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The Scandinavian Fantasy: The Sources of Intergenerational Mobility in Denmark and the U.S

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  • Rasmus Landersø
  • James J. Heckman

Abstract

This paper examines the sources of differences in social mobility between the U.S. and Denmark. Measured by income mobility, Denmark is a more mobile society, but not when measured by educational mobility. There are pronounced nonlinearities in income and educational mobility in both countries. Greater Danish income mobility is largely a consequence of redistributional tax, transfer, and wage compression policies. While Danish social policies for children produce more favorable cognitive test scores for disadvantaged children, these do not translate into more favorable educational outcomes, partly because of disincentives to acquire education arising from the redistributional policies that increase income mobility.

Suggested Citation

  • Rasmus Landersø & James J. Heckman, 2016. "The Scandinavian Fantasy: The Sources of Intergenerational Mobility in Denmark and the U.S," NBER Working Papers 22465, National Bureau of Economic Research, Inc.
  • Handle: RePEc:nbr:nberwo:22465
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    1. The Scandinavian Fantasy: The Sources of Intergenerational Mobility in Denmark and the U.S.
      by maximorossi in NEP-LTV blog on 2016-09-06 01:19:29

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    Cited by:

    1. Bredtmann, Julia & Smith, Nina, 2015. "Inequalities in Educational Outcomes: How Important is the Family?," Annual Conference 2015 (Muenster): Economic Development - Theory and Policy 112861, Verein für Socialpolitik / German Economic Association.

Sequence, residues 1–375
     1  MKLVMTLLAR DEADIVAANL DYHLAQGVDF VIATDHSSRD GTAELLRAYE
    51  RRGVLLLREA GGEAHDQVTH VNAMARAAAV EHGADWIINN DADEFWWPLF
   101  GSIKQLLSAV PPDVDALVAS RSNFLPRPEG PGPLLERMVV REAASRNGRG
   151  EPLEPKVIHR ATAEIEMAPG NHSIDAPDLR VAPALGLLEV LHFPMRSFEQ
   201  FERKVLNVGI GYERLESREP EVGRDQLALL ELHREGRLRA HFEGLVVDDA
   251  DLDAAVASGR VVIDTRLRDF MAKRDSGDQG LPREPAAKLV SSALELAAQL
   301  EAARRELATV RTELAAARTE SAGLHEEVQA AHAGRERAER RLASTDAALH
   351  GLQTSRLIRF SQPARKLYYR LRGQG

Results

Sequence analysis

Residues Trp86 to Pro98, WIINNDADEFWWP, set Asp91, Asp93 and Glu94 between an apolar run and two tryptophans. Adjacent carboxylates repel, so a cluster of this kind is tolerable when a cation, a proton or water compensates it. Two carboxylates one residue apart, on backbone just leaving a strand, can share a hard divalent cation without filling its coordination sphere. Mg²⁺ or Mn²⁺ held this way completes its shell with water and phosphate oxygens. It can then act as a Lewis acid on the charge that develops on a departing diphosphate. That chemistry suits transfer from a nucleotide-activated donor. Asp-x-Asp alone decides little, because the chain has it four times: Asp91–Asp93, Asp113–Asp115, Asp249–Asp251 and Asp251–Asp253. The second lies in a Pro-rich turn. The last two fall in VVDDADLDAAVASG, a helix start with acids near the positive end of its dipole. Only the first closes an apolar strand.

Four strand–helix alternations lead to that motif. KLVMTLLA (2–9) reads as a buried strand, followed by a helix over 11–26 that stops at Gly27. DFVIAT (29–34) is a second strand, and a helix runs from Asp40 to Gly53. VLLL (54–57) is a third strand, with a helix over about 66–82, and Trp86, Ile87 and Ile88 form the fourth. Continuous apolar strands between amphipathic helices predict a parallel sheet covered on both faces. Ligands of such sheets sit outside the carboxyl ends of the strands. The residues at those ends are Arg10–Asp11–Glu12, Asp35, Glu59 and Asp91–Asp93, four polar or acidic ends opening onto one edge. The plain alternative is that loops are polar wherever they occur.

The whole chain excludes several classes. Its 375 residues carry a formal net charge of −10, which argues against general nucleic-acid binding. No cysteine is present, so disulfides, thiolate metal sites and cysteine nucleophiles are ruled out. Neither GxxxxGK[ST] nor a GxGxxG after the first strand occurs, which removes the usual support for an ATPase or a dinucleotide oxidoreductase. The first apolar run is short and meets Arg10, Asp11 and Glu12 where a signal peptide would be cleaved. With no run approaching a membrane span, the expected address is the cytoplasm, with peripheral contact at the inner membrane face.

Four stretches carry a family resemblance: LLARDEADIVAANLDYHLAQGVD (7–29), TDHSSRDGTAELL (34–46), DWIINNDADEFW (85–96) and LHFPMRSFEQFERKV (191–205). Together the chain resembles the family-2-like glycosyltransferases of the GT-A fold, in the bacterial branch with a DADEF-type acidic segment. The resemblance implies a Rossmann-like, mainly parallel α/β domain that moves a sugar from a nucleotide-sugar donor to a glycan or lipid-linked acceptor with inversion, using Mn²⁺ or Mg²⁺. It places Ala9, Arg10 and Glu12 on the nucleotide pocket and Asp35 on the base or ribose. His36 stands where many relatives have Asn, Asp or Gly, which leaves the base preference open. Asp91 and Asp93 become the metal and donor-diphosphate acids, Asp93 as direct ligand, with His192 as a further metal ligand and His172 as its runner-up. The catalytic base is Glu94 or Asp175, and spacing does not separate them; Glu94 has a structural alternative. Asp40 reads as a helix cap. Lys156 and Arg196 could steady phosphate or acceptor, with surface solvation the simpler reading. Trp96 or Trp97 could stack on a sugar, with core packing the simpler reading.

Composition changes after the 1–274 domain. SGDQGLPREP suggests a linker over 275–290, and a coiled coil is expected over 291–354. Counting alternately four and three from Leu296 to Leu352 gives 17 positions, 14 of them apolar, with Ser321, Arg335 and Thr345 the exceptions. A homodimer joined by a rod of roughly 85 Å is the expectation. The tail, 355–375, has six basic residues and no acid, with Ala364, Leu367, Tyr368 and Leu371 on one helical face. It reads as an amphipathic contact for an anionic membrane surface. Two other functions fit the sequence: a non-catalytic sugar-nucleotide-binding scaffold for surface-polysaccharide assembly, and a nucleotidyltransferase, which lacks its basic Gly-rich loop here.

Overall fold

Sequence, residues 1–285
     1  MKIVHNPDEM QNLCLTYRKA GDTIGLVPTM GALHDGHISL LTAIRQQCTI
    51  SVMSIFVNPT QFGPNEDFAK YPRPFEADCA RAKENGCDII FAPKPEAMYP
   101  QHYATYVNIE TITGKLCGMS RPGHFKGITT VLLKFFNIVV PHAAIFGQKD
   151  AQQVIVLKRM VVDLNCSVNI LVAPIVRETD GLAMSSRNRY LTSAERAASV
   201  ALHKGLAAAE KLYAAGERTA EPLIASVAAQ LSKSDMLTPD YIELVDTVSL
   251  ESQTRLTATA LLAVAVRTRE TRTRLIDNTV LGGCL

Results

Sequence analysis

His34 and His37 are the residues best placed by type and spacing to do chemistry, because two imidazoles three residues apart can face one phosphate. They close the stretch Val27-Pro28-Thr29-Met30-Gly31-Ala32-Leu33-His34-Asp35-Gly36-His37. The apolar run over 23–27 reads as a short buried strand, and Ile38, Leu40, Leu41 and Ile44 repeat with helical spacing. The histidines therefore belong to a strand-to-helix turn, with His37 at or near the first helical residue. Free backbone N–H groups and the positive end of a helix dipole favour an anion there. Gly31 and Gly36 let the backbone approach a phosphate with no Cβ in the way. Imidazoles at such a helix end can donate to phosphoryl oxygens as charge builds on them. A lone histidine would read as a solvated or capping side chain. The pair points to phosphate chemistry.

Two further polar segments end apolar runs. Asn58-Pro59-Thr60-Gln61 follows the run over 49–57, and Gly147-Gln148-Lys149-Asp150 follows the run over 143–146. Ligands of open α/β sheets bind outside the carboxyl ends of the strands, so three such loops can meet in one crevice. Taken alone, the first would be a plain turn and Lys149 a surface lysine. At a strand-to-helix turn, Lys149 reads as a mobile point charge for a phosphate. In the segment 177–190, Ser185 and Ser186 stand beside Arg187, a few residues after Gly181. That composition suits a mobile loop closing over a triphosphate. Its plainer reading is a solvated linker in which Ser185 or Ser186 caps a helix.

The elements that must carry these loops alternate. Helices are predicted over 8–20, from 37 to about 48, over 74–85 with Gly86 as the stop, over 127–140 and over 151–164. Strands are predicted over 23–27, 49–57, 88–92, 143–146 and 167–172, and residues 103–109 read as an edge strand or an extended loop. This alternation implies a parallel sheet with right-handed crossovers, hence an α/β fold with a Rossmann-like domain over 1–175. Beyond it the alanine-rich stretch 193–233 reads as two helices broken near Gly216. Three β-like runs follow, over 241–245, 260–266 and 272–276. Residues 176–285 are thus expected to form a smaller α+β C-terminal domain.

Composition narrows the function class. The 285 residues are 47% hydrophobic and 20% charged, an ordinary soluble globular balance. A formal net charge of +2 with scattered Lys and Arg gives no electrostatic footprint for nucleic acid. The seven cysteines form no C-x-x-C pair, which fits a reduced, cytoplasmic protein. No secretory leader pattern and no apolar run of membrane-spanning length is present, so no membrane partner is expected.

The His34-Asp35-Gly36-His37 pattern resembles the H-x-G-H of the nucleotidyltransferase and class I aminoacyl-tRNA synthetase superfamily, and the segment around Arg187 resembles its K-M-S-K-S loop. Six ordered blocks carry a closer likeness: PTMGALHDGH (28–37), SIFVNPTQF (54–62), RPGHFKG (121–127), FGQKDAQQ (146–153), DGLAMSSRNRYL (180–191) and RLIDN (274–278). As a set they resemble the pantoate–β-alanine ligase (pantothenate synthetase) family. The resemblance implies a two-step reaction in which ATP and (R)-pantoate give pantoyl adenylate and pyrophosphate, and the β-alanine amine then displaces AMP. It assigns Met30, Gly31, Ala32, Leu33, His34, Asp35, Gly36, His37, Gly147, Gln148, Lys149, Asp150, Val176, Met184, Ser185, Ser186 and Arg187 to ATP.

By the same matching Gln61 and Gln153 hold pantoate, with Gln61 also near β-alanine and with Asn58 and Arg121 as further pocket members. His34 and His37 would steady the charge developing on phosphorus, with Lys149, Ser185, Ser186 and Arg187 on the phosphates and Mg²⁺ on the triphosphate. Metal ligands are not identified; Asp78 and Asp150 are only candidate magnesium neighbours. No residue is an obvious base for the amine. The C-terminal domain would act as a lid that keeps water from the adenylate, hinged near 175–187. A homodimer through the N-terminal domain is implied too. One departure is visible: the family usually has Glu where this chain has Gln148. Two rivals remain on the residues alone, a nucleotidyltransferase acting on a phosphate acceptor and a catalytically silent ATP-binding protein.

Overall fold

2. Paul Bingley & Lorenzo Cappellari & Konstantinos Tatsiramos, 2017. "Family, Community and Life-Cycle Earnings: Evidence from Siblings and Youth Peers," CESifo Working Paper Series 6743, CESifo Group Munich.
    3. Hamish Low & Aruni Mitra & Giovanni Gallipoli, 2017. "Consumption and Income Persistence across Generations," 2017 Meeting Papers 1215, Society for Economic Dynamics.
    4. Jing You & Miguel Niño-Zarazúa, 2017. "Smoothing or strengthening the ‘Great Gatsby Curve’? The intergenerational impact of China’s New Rural Pension Scheme," WIDER Working Paper Series 199, World Institute for Development Economic Research (UNU-WIDER).
    5. Brantly Callaway & Weige Huang, 2018. "Intergenerational Income Mobility: Counterfactual Distributions with a Continuous Treatment," DETU Working Papers 1801, Department of Economics, Temple University.

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    JEL classification:

    • I24 - Health, Education, and Welfare - - Education - - - Education and Inequality
    • I28 - Health, Education, and Welfare - - Education - - - Government Policy
    • I32 - Health, Education, and Welfare - - Welfare, Well-Being, and Poverty - - - Measurement and Analysis of Poverty
    • P51 - Economic Systems - - Comparative Economic Systems - - - Comparative Analysis of Economic Systems

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